zaterdag, maart 12, 2005

Another one misunderstanding "NO WARRANTY"

Here's another guy who doesn't seem to get it. Thom Holwerda posted on eXpert Zone:

OSS developers should learn to live with the fact that their software is no longer exclusively used by geeks and enthusiasts -- and if they cannot cope with this, then clearly state that your software is a hobby project

No, no, no. Most GNOME software -of which he's talking- uses the (L)GPL license. The GPL clearly states that there is *NO* warranty.

And furthermore, even if it was no hobby project and someone working in a company got the permission to release the developed software using the GPL license, then again, the users have no right to demand the implementation of the features they want. It's a gift. Accept it or ignore it.

5 opmerkingen:

Thom Holwerda zei

I'ts not about me wanting to force them to do stuff. All I'm asking for is to take a better look at user feedback, for the better of the project. That's all. Is that too much to ask?

Gnome claims to be enterprise-ready and user-centric. If you make such bold claims-- then live up to it. If you can't, then don't claim it.

It's not that I'm dissaproving the devs only wanting to implement their own features (hey, it's their right), it's the contradiction as said above that's wrong.

For the rest, re-read my editorial. No need to paraphrase everything here.

Takis zei

All I'm asking for is to take a better look at user feedback, for the better of the project. That's all. Is that too much to ask?
Actually, yes. If I write software in my spare time, and am kind enough to give it out for free with all source code, the receiver should be happy with it or ignore it. The software is given out for free so anyone with similar needs can use it. The source code is given along with it so anyone with not so similar needs and coding competence, can adapt it to his/her needs.

I does not give anyone any right to complain to the donator about the software not meeting their needs.

Gnome claims to be enterprise-ready and user-centric. If you make such bold claims-- then live up to it. If you can't, then don't claim it.
Gnome is being developed to be user-centric and it is. If you compare Gnome to older true hacker projects you'll notice a difference: Gnome is all about the unexperienced enduser. Projects such as Qemu, ffmpeg, transcode, screen, wget, ccache, valgrind and most other OS or FS applications have no graphical user interface whatsoever.

GNOME's a bunch of people developing a huge amount of infrastructure to make applications userfriendly and lots of applications which are userfriendly.

That's indeed the projects goal. So, yes they are user-centric. They spend a huge amount of time to make open source software user-friendly. But again, it's GPL, which gives you no right to disrespect the developers, but gives you the right to use and adapt the software.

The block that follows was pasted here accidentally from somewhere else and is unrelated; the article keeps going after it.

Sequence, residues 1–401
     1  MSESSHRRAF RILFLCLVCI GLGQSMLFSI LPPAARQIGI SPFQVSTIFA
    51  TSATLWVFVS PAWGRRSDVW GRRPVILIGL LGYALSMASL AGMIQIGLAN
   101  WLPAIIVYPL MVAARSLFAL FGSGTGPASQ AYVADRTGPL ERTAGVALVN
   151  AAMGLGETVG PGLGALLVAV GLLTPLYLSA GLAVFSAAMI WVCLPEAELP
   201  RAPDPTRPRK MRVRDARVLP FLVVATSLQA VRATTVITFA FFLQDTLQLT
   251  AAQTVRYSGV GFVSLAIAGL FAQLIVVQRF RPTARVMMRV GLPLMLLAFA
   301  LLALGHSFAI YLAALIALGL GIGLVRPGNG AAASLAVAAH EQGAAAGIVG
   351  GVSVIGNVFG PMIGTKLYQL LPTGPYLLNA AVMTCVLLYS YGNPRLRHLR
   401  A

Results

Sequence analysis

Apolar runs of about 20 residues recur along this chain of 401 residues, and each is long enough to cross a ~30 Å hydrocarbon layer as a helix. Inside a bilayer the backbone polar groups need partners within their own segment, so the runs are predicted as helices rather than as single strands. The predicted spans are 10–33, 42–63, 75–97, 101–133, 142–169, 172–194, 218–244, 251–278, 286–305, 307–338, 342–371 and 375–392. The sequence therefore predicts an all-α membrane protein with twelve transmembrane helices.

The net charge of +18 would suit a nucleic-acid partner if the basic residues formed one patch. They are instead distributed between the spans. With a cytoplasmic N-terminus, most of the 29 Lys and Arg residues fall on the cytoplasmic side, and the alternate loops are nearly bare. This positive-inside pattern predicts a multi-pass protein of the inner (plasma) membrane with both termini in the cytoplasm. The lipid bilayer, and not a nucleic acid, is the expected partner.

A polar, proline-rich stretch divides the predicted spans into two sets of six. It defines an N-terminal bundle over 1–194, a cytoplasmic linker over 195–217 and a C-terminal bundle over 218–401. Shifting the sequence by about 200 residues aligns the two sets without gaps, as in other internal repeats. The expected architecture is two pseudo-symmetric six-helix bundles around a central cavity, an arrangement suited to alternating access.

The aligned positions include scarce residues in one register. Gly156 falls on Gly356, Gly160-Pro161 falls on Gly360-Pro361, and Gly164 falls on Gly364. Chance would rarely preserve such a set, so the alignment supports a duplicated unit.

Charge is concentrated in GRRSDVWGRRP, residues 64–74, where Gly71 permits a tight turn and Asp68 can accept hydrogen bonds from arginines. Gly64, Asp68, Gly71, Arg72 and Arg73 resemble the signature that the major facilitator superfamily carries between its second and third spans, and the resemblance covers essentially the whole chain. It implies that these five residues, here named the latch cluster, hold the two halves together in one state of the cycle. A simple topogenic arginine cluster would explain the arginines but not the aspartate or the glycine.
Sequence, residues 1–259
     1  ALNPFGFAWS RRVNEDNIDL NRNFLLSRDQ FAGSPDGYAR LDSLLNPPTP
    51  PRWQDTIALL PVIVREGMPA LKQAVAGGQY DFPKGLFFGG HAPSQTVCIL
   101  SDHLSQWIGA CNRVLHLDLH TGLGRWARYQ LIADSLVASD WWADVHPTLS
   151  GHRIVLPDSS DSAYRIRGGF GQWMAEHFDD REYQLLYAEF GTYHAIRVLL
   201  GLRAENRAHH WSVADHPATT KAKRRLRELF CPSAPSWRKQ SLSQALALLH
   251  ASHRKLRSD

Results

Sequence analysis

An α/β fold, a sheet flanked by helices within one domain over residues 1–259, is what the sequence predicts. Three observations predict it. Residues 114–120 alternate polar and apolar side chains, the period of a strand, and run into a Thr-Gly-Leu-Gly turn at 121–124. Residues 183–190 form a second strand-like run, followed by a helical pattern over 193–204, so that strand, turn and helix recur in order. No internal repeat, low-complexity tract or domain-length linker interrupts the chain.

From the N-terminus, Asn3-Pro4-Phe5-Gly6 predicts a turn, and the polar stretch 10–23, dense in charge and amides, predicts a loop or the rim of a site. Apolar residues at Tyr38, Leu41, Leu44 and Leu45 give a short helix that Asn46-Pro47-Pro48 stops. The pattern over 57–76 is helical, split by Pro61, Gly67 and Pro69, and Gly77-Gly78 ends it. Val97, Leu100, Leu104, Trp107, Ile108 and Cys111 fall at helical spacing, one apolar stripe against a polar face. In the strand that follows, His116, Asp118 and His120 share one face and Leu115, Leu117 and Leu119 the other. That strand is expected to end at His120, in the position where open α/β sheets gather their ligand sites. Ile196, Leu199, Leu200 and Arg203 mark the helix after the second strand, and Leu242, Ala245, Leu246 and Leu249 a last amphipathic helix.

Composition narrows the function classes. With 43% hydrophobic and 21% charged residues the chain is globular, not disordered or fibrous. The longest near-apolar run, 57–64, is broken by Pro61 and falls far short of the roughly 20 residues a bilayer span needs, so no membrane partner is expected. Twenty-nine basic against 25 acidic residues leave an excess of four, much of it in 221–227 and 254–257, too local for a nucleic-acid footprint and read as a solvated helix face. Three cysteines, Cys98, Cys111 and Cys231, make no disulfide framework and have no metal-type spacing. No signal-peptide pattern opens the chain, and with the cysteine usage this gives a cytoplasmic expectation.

If there's anyone that should be annoyed it should be the Gnome developers, for the lack of new developers. I'm really curious
how many new developers joined to work on Gnome during the last years and how many new users they've attracted during that same period.

No need to paraphrase everything here.
Hey, I like paraphrasing.

Anoniem zei

As a typical user that would love FOSS/Linux to succeed I can tell you the biggest barriar to the success of FOSS/Linux are developers with closed ears.

Despite themselves some of these projects obtain some modicum of success and it breeds contempt. These developers believe that everyone should accept their decisions and be done with it. They release the code and thats the way it is, like it our not. So be it.

And those that refuse to learn from history are doomed to repeat it. The nice thing about this is that the market will sort this out. Keep developing with a deaf ear towards users and you will get the situation you are driving for, people moving on to other projects that are flexible with features.

No one is asking that developers implement everything everyone wants, but if you don't implement things most people want you'll eventually hit a wall. Take a look at Cedega (which I've supported for years now), its users get to vote on the features they want most. Thats being responsive to what the real world needs in a product.

Anyway it is what it is and it will continue to be so. Hey, I heard Ubuntu is coming out with a KDE version.

Remco zei

That's indeed the projects goal. So, yes they are user-centric. They spend a huge amount of time to make open source software user-friendly.So, why do they ignore feature requests of users then? Just curious...

Tim Verbois zei

I think there are a lot of frustrations out there. When you react to something (ask for extra feature, give some comment, ...) you expect a reaction back. If you don't get anything, not even a small note, it is frustrating.

I added an extra feature to a project called: giFTcurs. I sent the changed code with explanation to the developpers. I asked if they could add it to their next release and that I was happy to help them in the future. But I never got an answer. Not even a note with: it is not possible for this or that reason. This is frustrating and it will not encourage me to add more features. Their new version came out and my feature was not in it, so... frustrating.